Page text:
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Earle Fire Department upgrading radio system


City Council authorizes purchase of communication equipment

Earle Fire Department will be getting some upgrades to its radio system in order to allow them to get better reception and to be able to set the tornado siren off by radio.

Fire Chief Jason Peninger told the City Council that lightning struck their antenna and damaged their ability to turn the siren on and off remotely.

“This last big storm we had here recently, lightning struck the tornado siren and set it off,” Peninger said.

“It rang for a long time. We could not get it to shut off through the radio system.”

Peninger said in addition to not being able to activate the siren remotely by radio, the lightning strike also damaged the manual control board at the fire station for the siren.

“By the time we could manually shut it down, it messed up the control board,” Peninger said.

“So now that is off being repaired.”

Peninger handed the Council a quote for $2,463 to purchase a new amplifier for the department’s repeater system that will boost the power from 50 watts to 100 watts, and a system upgrade to their receiver system that will allow them to be able to set the tornado siren off by radio.

“This is what it will cost to upgrade the repeater to 100 watts and set it up to where we can work the siren again by radio,” Peninger said. “Right now, the way the tornado siren is there is no way I can set it off with our radio system to warn the citizens. This will allow us to do that.”

Peninger said the department is having major radio communications problems in general. The radio signal is currently too weak to set off all of their radios.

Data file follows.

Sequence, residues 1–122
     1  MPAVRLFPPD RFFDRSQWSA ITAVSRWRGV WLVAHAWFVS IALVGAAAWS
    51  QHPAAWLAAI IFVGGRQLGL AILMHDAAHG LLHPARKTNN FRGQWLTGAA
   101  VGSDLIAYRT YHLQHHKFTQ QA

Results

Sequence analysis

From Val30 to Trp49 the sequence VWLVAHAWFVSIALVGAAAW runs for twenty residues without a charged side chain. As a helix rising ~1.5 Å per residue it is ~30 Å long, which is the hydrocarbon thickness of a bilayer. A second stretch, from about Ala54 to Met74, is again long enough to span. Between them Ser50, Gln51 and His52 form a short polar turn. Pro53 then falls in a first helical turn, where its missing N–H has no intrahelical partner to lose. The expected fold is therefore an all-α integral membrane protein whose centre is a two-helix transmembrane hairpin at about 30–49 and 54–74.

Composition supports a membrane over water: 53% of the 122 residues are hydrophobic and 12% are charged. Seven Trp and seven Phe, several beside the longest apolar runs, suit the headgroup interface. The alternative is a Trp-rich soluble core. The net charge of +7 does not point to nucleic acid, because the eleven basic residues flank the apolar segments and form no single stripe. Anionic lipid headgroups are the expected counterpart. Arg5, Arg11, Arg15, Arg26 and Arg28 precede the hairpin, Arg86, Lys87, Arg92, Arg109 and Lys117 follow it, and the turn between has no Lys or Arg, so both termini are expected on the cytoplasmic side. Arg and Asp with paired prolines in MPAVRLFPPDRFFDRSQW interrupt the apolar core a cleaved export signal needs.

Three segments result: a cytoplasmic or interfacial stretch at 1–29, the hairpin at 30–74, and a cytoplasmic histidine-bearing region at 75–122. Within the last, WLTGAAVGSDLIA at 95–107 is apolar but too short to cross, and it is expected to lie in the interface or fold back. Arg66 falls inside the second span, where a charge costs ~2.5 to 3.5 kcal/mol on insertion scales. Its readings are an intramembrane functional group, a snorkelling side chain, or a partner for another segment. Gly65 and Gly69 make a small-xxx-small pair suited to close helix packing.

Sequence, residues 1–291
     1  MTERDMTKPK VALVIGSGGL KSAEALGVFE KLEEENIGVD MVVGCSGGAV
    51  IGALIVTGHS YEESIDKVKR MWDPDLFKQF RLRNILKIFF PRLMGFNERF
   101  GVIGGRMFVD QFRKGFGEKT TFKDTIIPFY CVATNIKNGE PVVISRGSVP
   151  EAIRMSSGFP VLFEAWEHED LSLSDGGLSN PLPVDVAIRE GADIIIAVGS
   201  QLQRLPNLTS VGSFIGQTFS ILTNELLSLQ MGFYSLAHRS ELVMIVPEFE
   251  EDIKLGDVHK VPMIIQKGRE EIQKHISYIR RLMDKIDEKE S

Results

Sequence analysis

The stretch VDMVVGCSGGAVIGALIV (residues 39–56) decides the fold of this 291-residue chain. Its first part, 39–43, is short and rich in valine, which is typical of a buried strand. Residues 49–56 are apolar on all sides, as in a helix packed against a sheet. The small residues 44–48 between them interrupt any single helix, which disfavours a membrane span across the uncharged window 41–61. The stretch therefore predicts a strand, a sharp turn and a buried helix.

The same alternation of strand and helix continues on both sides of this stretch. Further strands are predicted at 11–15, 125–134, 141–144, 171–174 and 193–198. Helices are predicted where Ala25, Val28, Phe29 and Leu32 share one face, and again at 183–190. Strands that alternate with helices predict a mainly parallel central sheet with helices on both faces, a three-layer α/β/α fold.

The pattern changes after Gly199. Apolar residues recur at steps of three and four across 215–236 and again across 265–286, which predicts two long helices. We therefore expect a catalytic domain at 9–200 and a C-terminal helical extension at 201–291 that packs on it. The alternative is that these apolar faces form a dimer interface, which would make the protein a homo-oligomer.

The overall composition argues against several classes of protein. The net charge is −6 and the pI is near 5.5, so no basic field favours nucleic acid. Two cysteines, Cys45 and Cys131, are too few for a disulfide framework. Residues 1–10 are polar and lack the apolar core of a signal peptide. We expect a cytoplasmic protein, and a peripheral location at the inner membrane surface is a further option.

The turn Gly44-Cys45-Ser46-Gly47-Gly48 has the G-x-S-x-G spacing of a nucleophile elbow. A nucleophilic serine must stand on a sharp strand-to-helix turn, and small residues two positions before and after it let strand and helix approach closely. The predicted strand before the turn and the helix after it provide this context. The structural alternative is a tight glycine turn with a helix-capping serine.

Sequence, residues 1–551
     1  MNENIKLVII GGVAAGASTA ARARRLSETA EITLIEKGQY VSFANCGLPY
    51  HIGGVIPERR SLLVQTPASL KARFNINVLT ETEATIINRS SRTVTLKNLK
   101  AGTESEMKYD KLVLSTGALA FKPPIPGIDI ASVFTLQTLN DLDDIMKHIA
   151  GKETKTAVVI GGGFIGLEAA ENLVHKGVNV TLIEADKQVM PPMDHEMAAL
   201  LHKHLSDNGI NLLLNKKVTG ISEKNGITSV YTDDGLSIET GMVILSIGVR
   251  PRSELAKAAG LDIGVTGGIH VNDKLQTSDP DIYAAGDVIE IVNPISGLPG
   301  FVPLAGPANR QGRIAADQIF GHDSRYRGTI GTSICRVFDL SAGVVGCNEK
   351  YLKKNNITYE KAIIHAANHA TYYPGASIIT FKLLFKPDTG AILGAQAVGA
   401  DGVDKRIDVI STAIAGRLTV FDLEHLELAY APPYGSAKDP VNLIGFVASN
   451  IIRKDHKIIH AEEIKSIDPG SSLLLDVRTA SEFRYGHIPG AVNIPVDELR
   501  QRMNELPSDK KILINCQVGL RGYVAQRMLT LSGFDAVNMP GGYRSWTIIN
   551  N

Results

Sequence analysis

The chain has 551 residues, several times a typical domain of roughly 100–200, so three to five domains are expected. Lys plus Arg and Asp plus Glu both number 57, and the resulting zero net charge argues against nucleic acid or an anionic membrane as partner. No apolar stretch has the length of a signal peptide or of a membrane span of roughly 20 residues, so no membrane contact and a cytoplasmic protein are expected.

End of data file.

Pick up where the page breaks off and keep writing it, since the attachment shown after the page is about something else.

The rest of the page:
While their radios do function, Peninger said reception is not the best.

“I live six miles north. It is hit or miss for my radio to work at the house,” Peninger said. “There are times I have had somebody call me early in the morning and say we have a call in Earle and I had no clue because the radio didn’t go off. It’s getting to where two or three people show up because people’s radios aren’t going off and we have to call people by phone. And that takes time.

It’s a bad problem.” Peninger said he is hoping that these upgrade will fix the problem with reception. Otherwise, they may have to pay for a new antenna to go on top of the water tower. The fire department has a 65 foot antenna. Ideally, that antenna should be 100 feet tall, Peninger said.

“It needs to be taller,” Peninger said. “I have a company that is going to come out and test our antenna because the lightning strike blew fuses in our radios at the station. They want to make sure it didn’t mess up the duplex system that runs our radio communications. They are going to test it to make sure it didn’t burn something up.

So hopefully it is all good.

This is our best resort to fix it.”

The Fire Department will pay for the upgrades using ACT 833 money. ACT 833 funds come from one half of a one percent fee charged on all fire insurance premiums that are given back to the state to provide for firefighting needs to fire departments in Arkansas on a more equitable basis. Funds in each county are divided by population.

Earle has $29,753 available in ACT 833 funds.

Peninger said the cost to replace the equipment also includes a $200 fee to the FCC to boost the power on the tower.

“That is to update our license with the FCC so that we can run 100 watts versus what we have now,” Peninger said. “The FCC has to approve this. They may come back and say no, you can’t do that in your area because it is going to interfere with other frequencies. Or, they can come back and say yes and approve it.”

Mayor Sherman Smith said the city might be able to recoup some of the cost from insurance.

“We know what caused it,” Smith said. “Maybe it is something we can get insurance to pay for.”

“Very possible,” Peninger added.

Councilwoman Jimmie Barham agreed the upgrades were needed.

“We have to have this for safety,” Barham said.

Smith said from what he has been told, the upgrades should take care of the problem.

“Hopefully this will be the fix,” Smith said. “But either way this will help.”

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